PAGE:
Fair Weather Stan, the multiple graded stakes winner who nearly died of starvation in January, is so fat with good health that his rescuer claims he has a “muffin top.”
As in, not-ready-for-the-beach “muffin top.”
“He’s now just under 1,200 pounds and I’ve finally been able to reduce his feed to a normal amount,” says well-known off-track Thoroughbred trainer Lisa Molloy.
Under constant care and supervision since he first arrived wobbling off the van at her Virginia-based facility, Lisa Molloy Training Stables, Stan has since blossomed with health.
Molloy explains, “He was fed a high protein, high fat diet starting off with 18 pounds per day of grain, plus Free Choice Orchard Grass and alfalfa. Blue Seal kindly donated a substantial amount of their Demand high protein pellet, and he just packed on the pounds.
“He gained over 250 pounds in approximately three months.”
In addition to the high-octane feed, he was also on Red Cell supplements to help with anemia, which has rectified itself as his health improved, she says.
He has made a complete turnaround since he took his first tentative steps at Molloy’s Thoroughbred re-homing facility.
Known as a “fighter on the track,” who’d earned $300,000 in 39 starts, Fair Weather Stan seemed pretty beaten down by life.
Sire: Tiger Ridge, by Mister Baileys
Dam: J’s Toy
Foal date: May 13, 2004
He had a body score of 2 out of 10, and wobbled so badly when Molloy unloaded him, that the longtime horseman was afraid he would die that night.
She covered him with a blanket, and bedding him down with plenty of food, left the barn with a sinking feeling. “He was the worst case I’ve ever seen,” says Molloy, who works for Thoroughbred charities ReRun, Inc., and Akindale Thoroughbred Rescue.
“When he first came, he wouldn’t lift his head” from his food, Molloy says in an earlier interview with Off Track Thoroughbreds.com. “Then he realized meals were coming in a sufficient amount, and at the same time, so now he’ll lift his head up and he’ll watch me.”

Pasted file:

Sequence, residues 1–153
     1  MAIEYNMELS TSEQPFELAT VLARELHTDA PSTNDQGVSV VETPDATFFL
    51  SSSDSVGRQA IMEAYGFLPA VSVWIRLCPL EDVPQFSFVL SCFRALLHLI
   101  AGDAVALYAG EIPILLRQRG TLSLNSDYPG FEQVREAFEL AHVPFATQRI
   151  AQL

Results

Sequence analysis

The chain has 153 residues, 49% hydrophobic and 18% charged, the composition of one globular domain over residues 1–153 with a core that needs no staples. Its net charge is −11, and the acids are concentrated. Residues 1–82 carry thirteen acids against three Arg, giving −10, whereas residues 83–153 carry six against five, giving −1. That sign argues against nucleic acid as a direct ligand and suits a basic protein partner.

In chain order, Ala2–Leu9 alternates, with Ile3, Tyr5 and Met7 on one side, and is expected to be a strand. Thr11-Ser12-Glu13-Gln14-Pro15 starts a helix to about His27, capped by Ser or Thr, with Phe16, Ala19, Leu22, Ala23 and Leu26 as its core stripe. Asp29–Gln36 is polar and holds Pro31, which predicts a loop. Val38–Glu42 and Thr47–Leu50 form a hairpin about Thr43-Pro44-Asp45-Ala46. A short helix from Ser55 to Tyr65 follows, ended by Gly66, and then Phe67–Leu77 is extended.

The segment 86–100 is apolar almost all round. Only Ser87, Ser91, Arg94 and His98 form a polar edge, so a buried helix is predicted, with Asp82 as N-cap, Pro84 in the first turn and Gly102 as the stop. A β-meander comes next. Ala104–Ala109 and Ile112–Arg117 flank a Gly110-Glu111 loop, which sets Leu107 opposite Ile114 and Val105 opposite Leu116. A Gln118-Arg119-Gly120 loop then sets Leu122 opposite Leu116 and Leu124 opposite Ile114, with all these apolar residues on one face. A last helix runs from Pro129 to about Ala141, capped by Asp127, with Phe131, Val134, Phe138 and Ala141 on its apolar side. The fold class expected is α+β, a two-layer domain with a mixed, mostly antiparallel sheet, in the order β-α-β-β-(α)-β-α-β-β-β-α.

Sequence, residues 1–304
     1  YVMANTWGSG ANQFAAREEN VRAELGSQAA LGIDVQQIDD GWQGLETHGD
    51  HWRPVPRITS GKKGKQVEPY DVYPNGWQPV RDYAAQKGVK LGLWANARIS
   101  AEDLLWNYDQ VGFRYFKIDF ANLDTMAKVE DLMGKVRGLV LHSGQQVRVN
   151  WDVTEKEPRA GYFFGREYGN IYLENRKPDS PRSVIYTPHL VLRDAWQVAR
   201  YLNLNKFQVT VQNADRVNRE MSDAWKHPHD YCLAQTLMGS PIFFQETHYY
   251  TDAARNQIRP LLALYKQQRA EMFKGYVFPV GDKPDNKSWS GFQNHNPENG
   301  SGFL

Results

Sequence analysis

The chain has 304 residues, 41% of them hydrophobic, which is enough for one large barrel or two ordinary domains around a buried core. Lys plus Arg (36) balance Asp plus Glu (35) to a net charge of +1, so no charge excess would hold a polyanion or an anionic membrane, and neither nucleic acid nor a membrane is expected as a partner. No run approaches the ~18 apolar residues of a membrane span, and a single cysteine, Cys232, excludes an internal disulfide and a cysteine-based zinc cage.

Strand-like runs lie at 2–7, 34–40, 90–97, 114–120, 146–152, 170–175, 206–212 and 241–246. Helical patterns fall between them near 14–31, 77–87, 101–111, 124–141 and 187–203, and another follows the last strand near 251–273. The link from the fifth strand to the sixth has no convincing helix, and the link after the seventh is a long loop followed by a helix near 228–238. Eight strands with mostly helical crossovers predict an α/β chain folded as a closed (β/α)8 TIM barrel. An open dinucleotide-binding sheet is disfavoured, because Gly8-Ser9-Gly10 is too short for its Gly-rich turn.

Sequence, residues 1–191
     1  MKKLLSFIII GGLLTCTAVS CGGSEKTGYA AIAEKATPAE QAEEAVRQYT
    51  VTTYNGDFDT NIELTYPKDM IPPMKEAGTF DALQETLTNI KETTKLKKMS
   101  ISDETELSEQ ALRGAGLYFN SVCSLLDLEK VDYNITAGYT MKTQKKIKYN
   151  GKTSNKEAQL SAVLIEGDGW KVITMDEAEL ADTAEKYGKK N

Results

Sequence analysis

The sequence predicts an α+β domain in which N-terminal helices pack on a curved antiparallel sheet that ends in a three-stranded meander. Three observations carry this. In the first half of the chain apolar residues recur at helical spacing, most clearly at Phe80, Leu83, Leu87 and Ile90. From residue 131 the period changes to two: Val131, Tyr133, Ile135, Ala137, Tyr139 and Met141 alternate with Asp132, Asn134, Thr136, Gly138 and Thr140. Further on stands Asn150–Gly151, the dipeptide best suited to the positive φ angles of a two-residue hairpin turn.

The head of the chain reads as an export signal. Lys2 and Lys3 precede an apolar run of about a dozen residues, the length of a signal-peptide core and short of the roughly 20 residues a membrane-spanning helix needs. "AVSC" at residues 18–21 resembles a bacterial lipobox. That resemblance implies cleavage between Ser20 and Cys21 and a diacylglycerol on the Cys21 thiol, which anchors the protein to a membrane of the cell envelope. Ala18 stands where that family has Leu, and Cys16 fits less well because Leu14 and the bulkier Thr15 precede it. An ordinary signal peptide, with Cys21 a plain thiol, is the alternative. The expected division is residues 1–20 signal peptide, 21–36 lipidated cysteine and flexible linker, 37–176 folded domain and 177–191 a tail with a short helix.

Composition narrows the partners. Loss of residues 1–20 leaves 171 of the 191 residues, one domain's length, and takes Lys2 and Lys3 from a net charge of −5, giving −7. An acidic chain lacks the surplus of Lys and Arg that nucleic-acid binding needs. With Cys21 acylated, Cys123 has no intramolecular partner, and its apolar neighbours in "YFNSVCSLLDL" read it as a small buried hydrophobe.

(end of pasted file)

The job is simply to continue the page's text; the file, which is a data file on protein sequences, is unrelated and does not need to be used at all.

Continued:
Stan now can’t take his eyes off Molloy when she enters his paddock, and if she takes too much time to come to him, he becomes a little demanding of her attention.
“If he’s outside and calls to me, I sure better hurry myself up and get him,” she says, noting that if she dawdles, Stan will chase her!
She also recently started him under saddle. “Stan was shocked to find out he was required to do something, and although he is not a fan of the arena, he loves to go trail riding,” she says.
Although he may be a bit finicky at the moment, Molloy is confident that by the time she unveils him at the Thoroughbred Celebration Horse Show in Virginia this June, he will be happy to strut his stuff.
She is currently riding him on trails four days a week, doing light jogs and walking, as they explore the 150 acres surrounding her farm.
As he builds up his strength and fitness, Molloy grows increasingly excited to enter him in the War Horse division of the June horse show.
“If any horse deserves to earn the title of War Horse, Stan does, after all he’s been through,” she says.